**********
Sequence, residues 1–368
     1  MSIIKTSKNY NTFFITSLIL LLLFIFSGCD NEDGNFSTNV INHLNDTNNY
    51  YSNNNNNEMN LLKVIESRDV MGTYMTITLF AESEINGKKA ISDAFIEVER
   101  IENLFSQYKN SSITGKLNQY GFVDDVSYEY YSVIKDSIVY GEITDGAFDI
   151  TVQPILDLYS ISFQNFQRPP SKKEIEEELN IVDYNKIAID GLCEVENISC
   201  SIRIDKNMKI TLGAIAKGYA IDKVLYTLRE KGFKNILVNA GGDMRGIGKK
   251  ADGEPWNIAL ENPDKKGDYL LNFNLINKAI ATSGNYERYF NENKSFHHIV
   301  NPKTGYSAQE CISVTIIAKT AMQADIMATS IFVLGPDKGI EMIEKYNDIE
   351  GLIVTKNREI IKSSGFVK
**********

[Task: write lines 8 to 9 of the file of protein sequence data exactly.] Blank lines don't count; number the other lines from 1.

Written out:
   301  NPKTGYSAQE CISVTIIAKT AMQADIMATS IFVLGPDKGI EMIEKYNDIE
   351  GLIVTKNREI IKSSGFVK